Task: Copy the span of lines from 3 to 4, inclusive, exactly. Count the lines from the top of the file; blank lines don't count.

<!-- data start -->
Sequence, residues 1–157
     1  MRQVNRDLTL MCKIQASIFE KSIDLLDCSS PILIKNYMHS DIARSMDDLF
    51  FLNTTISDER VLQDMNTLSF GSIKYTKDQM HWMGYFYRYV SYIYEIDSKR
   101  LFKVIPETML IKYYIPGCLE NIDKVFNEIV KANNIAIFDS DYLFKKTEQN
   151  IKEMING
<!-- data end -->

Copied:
    51  FLNTTISDER VLQDMNTLSF GSIKYTKDQM HWMGYFYRYV SYIYEIDSKR
   101  LFKVIPETML IKYYIPGCLE NIDKVFNEIV KANNIAIFDS DYLFKKTEQN